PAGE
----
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Ireland hikes surplus forecast before budget

Ireland’s Minister for Finance and Public Expenditure Paschal Donohoe finds a European Financial Forum event in Dublin, Ireland February 13, 2019. REUTERS/Clodagh Kilcoyne//File Photo

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DUBLIN, Sept 24 (Reuters) – Ireland on Saturday almost doubled its budget surplus forecast for 2022 to 0.9% of gross domestic product because of booming corporate tax revenues, giving it extra resources to greatly help consumers with inflationary pressures.

The forecast premiered prior to the annual budget, that is because of be published next Tuesday, and the figures usually do not include any measures to be announced that day.

Ireland’s general government balance for the entire year is forecast to be 4.4 billion euros ($4.3 billion), or 0.9% of GDP, up from the July forecast of 0.5%, the finance ministry said in a statement.

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Finance Minister Paschal Donohoe said a few of the surplus of over 4 billion euros will be used to invest in “an easy package of once off measures … to aid citizens and businesses with the true challenges they face because of rising prices.”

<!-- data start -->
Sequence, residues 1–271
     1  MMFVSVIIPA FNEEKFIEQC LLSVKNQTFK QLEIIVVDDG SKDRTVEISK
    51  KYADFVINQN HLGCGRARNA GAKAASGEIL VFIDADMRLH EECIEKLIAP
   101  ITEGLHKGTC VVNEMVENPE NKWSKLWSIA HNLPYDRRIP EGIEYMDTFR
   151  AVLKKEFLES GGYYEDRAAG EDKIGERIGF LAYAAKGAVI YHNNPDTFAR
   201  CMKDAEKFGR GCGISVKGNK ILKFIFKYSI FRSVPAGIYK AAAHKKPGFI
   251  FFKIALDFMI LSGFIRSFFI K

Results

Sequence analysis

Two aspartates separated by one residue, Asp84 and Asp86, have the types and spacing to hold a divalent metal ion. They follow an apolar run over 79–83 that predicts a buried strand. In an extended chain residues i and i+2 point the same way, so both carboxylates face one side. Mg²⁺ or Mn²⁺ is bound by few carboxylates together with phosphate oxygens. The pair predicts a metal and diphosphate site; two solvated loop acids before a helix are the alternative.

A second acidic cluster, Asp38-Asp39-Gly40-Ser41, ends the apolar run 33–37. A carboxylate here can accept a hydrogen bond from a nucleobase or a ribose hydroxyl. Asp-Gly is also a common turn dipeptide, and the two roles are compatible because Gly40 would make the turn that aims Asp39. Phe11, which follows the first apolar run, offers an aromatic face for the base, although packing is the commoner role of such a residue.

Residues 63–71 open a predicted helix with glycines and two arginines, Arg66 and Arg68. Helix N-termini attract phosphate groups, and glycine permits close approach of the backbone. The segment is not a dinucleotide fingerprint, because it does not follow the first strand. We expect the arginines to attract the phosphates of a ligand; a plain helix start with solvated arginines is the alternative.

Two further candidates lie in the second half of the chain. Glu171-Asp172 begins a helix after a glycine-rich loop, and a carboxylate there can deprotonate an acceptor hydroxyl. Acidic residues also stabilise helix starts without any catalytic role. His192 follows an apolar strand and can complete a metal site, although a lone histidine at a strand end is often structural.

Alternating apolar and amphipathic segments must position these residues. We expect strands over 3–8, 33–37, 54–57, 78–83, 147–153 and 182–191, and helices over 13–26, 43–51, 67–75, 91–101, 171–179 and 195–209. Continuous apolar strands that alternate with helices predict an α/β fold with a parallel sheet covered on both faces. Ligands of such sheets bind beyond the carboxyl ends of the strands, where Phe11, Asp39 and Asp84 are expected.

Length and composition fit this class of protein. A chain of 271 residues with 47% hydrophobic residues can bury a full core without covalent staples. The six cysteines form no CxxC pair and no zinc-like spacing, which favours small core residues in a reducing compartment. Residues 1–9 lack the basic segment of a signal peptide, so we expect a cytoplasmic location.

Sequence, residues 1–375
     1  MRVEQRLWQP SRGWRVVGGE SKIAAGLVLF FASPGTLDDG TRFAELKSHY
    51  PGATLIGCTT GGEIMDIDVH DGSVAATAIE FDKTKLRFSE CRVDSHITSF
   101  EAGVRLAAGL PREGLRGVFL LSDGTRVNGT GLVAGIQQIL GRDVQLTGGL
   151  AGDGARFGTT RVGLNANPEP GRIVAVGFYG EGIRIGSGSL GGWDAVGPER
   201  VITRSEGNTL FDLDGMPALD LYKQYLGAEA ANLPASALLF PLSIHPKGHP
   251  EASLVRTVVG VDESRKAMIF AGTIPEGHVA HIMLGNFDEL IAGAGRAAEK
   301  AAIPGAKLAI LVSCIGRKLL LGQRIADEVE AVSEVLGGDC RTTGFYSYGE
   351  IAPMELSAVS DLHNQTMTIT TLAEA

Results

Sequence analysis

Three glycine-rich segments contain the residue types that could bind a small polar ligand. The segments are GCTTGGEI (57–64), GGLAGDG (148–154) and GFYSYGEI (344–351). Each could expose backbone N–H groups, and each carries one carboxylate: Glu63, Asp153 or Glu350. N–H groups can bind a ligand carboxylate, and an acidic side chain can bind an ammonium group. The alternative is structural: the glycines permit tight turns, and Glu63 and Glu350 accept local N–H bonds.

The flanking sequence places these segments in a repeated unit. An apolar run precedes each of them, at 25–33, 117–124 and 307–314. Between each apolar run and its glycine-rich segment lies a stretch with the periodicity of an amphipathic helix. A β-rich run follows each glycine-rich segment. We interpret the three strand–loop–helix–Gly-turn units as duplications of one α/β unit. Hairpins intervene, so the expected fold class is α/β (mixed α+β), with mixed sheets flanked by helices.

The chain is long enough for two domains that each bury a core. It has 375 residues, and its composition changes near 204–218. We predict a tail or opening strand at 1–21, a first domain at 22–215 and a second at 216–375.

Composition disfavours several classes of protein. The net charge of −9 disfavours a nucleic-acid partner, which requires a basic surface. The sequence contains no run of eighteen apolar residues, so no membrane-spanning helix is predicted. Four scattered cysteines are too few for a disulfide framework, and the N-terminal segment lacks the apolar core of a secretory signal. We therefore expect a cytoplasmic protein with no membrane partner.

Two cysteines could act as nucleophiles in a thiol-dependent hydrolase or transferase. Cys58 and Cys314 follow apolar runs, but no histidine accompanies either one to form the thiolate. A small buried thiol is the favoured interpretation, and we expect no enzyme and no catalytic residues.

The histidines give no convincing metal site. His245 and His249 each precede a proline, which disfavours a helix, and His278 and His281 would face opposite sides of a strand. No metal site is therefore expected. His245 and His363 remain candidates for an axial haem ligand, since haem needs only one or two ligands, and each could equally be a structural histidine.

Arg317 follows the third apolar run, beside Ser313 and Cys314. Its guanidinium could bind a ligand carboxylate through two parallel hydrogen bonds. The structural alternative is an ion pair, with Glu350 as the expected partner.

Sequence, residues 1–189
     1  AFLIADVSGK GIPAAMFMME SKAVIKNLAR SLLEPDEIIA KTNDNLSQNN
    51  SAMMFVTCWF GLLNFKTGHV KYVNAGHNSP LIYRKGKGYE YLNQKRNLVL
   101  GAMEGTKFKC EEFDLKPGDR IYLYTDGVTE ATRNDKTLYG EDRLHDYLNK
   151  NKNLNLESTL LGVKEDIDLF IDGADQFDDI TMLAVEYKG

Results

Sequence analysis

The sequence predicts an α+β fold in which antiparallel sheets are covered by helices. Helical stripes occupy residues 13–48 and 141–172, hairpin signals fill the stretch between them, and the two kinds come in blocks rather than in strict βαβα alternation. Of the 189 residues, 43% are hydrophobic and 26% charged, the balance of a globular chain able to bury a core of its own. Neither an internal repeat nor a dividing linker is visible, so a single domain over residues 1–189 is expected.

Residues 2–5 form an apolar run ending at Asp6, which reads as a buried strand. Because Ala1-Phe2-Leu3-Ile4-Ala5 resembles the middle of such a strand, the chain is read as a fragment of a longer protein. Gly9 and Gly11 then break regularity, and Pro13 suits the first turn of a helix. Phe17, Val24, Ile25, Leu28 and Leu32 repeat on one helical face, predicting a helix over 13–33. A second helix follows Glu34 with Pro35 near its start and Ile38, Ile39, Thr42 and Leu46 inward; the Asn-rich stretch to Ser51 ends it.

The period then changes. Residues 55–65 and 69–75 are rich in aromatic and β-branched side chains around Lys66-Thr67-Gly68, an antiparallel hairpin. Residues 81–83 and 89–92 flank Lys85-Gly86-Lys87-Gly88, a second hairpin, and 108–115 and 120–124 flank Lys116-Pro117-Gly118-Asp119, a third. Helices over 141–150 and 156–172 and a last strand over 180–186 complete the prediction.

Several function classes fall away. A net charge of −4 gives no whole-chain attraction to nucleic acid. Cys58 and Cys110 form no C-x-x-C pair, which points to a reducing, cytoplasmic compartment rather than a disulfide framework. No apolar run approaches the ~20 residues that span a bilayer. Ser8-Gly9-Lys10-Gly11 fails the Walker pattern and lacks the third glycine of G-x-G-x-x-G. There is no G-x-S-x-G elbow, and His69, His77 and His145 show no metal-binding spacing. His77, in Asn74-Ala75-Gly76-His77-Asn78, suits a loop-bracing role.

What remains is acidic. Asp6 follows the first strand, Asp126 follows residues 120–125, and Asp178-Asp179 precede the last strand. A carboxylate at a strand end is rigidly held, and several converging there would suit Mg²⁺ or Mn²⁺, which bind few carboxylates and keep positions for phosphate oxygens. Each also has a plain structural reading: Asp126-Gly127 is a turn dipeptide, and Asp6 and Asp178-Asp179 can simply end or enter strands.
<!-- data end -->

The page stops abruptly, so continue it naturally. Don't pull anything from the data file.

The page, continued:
He didn’t say how much would be allocated to the measures.

The ministry said that minus the “windfall” part of its corporate tax receipts – which it estimated at 9 billion euros of a forecast haul of 21.05 billion euros – Ireland may be facing a deficit of 0.9% in 2022.

Corporate receipts, mostly generated from big multinationals drawn to Ireland partly by its low corporate tax rate, have surged recently and now constitute almost 25 % of most tax revenues. However the government has repeatedly warned they are volatile and can’t be relied to fund ongoing spending.

The ministry forecast that the surplus next year will be 11.8 billion euros, or 2.2% of GDP, if no new budgetary measures were taken because of a forecast record corporate tax take of 22.7 billion euros.

($1 = 1.0320 euros)

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Writing by Conor Humphries; editing by Jonathan Oatis

Our Standards: The Thomson Reuters Trust Principles.

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